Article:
London’s commercial gallery scene is increasingly dominated by big international names – Gagosian, Hauser & Wirth, Pace, etc. What they have to offer is usually of real quality, if sometimes a little too carefully curated to be in accordance with presumed British establishment taste. You get a more accurate feeling for the local art world from a handful of more modest establishments, not all of them in the glittering West End. Two of the most consistent of these in terms of quality are Charlie Smith London, situated above a pub in Shoreditch; and the Pontone Gallery, just a step away from Sloane Square. Both of these galleries have just opened slightly unexpected shows.
From Sloane Sq to Shoreditch, though differently expressed, one finds a lament in elegant images – ELS
Charlie Smith London brings together three artists, in a group show called Archaeologies. Their practice is in each case rooted in photography, but not in familiar forms I can’t put it better than the handout that goes with the show: “Fundamental to their practice is a labour-intensive approach in researching, collecting, documenting and making; and a profound meditation of the passing of time, and its effect on objects and locations.”
In each case, the process of exploration yields different results. Gina Soden prints images of dilapidated, but once grandiose interiors on to found mirrors. The interiors, ranging from palaces to churches and asylums, are all now in a state of decay. To get the image she wants, the artist has often had to enter the building concerned illicitly. The images often have the air of being something forbidden and are more attractive as a result.
Michael Buffey sees his still life compositions – vases of flowers – as equivalents of the kind of memento mori paintings produced by Dutch still-life painters in the 17th century. Here, however, the warnings about death and the passage of time are latent, not rammed down your throat. The compositions, featuring conventional vases of flowers, are receding from us in time as we look. They have lost their colour. There are small additional signifiers, such as doilies and crucifixes that speak of bygone taste and a bygone mode of existence.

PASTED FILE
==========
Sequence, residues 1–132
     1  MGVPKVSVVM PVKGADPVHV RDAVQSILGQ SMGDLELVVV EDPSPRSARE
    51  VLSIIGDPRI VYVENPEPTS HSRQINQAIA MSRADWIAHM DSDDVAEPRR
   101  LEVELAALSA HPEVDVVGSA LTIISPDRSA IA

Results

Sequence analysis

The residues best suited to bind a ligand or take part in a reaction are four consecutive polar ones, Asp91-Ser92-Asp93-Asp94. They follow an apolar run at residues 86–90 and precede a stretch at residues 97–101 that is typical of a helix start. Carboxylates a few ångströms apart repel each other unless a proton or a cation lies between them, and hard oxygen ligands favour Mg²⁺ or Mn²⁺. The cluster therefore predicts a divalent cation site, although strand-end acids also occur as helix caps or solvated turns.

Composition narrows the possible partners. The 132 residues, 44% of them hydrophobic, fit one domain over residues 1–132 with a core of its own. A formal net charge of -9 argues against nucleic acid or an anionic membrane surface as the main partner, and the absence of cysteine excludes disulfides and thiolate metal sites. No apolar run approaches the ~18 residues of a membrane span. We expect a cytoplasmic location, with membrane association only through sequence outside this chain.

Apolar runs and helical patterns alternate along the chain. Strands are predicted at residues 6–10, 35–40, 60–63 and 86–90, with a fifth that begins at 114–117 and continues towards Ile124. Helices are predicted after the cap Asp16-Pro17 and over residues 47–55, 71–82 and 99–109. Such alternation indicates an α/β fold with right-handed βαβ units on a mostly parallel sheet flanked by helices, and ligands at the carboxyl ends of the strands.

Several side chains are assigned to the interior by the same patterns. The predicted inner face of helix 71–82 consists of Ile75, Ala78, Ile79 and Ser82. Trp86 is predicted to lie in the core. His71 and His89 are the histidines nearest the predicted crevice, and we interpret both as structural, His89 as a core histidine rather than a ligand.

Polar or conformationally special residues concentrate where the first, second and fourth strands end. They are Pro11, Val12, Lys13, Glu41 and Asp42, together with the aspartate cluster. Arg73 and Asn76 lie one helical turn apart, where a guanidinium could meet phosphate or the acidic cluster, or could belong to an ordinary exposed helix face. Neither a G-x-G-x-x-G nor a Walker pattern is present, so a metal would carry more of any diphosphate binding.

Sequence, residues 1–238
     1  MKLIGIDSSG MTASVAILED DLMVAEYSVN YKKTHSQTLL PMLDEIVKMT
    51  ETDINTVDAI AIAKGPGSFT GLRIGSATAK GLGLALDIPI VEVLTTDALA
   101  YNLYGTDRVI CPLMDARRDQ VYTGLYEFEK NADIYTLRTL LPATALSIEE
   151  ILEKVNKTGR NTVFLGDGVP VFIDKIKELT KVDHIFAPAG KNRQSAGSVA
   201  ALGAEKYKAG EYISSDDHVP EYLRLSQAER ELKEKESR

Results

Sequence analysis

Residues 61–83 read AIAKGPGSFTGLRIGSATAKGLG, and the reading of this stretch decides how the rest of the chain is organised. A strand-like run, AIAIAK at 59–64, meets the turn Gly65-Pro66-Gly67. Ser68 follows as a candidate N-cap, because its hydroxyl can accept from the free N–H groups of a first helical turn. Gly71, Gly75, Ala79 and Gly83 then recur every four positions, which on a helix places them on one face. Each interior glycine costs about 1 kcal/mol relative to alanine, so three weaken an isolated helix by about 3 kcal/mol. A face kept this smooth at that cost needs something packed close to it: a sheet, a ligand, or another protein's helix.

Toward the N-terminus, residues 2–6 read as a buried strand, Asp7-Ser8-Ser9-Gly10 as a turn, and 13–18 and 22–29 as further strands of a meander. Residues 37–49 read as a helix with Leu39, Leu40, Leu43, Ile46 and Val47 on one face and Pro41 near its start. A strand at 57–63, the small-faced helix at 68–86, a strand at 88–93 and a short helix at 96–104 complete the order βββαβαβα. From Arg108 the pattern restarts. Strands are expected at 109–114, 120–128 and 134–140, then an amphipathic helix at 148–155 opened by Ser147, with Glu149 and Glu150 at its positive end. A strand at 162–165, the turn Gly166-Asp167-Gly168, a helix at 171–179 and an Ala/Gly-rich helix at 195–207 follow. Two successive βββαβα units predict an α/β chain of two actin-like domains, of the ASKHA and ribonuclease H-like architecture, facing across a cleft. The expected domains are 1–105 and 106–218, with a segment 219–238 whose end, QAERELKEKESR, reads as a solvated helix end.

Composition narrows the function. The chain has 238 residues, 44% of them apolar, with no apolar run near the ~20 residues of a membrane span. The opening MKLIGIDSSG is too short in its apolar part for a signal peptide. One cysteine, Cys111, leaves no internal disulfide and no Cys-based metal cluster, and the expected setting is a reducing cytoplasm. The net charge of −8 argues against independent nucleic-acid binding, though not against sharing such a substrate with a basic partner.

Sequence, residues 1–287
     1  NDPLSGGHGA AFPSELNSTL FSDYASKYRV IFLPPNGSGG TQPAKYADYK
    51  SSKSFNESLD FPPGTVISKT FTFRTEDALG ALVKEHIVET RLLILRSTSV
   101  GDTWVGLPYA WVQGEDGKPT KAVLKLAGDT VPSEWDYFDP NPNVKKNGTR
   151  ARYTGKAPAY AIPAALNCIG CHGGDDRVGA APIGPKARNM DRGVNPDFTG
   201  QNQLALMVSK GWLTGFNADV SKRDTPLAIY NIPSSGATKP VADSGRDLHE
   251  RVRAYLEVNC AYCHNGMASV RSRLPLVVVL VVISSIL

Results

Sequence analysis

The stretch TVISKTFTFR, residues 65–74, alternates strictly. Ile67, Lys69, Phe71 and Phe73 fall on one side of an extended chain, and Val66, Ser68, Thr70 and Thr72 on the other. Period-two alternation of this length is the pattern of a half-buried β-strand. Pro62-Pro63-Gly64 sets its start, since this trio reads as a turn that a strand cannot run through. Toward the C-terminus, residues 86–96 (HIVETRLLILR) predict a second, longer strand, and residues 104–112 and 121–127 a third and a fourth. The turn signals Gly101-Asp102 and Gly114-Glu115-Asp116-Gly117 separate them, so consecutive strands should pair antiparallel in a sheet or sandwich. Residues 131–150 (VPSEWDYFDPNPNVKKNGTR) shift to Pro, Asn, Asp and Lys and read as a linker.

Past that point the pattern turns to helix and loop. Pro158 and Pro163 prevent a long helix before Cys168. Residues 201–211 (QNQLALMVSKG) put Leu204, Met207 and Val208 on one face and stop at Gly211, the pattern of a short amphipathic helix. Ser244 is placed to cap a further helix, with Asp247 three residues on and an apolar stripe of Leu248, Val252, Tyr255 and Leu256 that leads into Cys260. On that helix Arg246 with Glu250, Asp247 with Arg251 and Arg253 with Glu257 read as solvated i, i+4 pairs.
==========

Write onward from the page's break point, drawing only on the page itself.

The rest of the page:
Danny Treacy makes objects and small pictures from found objects – cast-off shoes, discarded clothing from the Thames, even used condoms from gay cruising sites. These all, given context from the locales in which they have been found, offer a portrait of British society at a particular moment. The lesson is all the sharper as the door opens towards Brexit.
At the Pontone Gallery, there is a show of paintings and drawings by Davina Jackson that is at first glance very different from what is on view at Charlie Smith London. It consists of paintings and drawings illustrating both biblical themes – the Judgement of Solomon for example – or classical Greek myths – the Fall of Icarus. The human forms are rendered in broadly simplified forms, familiar in a general way from the earlier years of Modernism in art. In particular, one catches glimpses of Italian modernists – Marini, Sironi and Carra, who never entirely lost their grip on the classical tradition.
The note, essentially, is one of regret for what is being lost. One sees here a regret for the way in which artistic certainties are dissolving. Many of the pictures and drawings (though not all) are quite small. A mixed media on paper entitled The Minotaur’s Last Day is monumentality in little. It measures just 7.5 by 5.5 inches.Here, as in Shoreditch, though differently expressed, one finds a lament in elegant images for things that are fading away.
Archaeologies Charlie Smith London Shoreditch – Until 13 April
Davina Jackson Pontone Gallery Sloane Square – Until 7 April